Scientists reported progress today in using a common virus to develop improved materials for high-performance, rechargeable lithium-ion batteries that could be woven into clothing to power portable electronic devices. They discussed development of the new materials for the battery's cathode, or negative electrode, at the 240th National Meeting of the American Chemical Society (ACS), being held here this week.
The era of personalized energy systems -- in which individual homes and small businesses produce their own energy -- took another step toward reality today as scientists reported discovery of a powerful new catalyst that is a key element in such a system. Scientists will describe the advance -- which could end dependence on the electric company and gas station -- in August at the 240th National Meeting of the American Chemical Society (ACS) in Boston.
Find cleaning those tables and dressers a chore or a bore? Imagine dusting objects spread out over 50 footballs fields. That's the problem facing companies that deploy large-scale solar power installations, particularly in dust prone areas. One solution -- self-dusting solar panels -- could improve the efficiency of this emerging technology while making maintenance less costly and less cumbersome. These developments in self-cleaning solar panels were reported by scientists from Massachusetts here today at the 240th National Meeting of the American Chemical Society.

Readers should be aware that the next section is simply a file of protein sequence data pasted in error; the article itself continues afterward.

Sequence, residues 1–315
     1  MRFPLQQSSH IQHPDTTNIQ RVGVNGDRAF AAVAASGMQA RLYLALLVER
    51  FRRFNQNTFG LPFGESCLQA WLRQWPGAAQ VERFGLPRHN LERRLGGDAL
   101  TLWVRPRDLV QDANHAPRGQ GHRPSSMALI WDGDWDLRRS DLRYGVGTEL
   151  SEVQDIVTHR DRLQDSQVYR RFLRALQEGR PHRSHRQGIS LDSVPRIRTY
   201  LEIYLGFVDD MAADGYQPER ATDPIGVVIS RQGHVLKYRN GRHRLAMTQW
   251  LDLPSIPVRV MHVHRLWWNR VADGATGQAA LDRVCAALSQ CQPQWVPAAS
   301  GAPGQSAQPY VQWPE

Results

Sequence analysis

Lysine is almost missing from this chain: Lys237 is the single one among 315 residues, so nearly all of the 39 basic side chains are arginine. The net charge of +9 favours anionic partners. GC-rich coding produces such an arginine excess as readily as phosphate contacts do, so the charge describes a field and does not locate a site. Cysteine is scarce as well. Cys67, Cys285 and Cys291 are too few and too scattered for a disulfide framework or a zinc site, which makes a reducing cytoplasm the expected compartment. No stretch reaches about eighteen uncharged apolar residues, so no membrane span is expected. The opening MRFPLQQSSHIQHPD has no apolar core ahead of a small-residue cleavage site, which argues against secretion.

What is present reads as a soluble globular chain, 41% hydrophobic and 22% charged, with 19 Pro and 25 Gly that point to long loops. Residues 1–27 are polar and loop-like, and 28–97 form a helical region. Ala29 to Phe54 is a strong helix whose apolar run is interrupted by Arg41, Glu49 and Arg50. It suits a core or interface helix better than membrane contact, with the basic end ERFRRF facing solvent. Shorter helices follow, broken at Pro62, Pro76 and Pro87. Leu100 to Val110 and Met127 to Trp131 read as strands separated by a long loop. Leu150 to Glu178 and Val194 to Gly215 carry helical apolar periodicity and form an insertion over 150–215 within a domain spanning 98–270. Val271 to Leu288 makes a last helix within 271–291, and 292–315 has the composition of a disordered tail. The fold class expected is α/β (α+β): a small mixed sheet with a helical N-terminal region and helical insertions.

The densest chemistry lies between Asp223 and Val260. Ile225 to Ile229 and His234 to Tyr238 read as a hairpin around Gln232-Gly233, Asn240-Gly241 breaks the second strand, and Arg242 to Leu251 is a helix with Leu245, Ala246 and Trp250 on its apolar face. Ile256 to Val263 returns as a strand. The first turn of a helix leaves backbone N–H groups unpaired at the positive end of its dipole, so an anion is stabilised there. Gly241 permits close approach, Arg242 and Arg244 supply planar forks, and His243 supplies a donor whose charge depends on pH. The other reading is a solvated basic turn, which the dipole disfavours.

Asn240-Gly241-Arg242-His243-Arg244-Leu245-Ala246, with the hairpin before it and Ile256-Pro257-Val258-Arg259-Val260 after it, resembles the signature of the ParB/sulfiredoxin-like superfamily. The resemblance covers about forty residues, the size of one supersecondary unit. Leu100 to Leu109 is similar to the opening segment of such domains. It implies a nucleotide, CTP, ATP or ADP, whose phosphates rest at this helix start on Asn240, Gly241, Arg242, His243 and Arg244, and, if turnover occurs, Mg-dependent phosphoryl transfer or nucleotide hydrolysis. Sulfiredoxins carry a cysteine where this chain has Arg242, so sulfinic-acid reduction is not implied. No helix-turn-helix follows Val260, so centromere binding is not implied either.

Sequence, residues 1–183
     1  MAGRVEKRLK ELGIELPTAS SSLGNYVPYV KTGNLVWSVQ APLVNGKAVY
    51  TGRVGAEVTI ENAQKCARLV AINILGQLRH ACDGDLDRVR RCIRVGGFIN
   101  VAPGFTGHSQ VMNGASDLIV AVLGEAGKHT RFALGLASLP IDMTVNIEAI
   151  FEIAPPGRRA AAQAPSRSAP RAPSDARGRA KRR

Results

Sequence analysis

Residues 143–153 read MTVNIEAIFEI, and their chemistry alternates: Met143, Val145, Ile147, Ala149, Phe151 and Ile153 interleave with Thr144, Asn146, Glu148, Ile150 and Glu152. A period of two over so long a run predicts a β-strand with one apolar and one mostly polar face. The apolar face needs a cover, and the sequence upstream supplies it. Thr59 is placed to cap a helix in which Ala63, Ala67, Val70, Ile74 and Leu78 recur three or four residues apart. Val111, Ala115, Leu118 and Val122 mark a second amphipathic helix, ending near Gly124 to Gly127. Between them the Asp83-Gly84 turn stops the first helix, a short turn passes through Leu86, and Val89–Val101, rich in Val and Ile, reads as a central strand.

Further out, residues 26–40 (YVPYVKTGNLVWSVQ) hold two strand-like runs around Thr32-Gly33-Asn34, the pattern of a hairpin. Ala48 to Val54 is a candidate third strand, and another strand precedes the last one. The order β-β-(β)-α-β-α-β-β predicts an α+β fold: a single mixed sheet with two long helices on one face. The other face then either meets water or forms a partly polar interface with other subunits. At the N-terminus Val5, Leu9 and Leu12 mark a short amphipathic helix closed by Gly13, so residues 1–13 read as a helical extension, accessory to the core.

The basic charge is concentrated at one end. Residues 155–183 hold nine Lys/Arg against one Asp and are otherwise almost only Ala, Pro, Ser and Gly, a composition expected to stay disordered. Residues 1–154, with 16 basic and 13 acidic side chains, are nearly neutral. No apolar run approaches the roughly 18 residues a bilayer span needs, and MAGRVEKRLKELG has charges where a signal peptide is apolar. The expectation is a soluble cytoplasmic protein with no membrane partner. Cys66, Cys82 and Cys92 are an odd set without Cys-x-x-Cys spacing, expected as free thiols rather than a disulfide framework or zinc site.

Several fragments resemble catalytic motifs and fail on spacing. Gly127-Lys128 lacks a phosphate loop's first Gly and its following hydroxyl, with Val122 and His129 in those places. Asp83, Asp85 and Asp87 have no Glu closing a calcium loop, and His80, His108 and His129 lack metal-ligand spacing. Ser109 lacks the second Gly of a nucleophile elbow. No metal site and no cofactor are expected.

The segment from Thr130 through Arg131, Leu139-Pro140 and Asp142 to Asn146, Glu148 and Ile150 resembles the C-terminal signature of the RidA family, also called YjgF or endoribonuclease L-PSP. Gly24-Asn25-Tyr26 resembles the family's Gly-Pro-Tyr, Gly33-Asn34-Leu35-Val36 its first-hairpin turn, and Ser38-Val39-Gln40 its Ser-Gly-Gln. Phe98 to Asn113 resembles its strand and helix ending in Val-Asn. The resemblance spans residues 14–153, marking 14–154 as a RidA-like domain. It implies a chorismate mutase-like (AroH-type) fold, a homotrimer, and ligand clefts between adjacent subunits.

The basis for solar energy is absorbing light and then effectively disassociating electrical charges. University of Cambridge researchers report in the journal Applied Physics Letters that conjugated polymers are excellent materials for such a system, thanks to their light absorption and conduction properties.
In a paper in the Journal of Renewable and Sustainable Energy, Australian researchers provide new estimates of the wave-energy potential of Australia's near-shore regions. They also calculate how much of Australia's energy needs could be obtained from wave energy alone.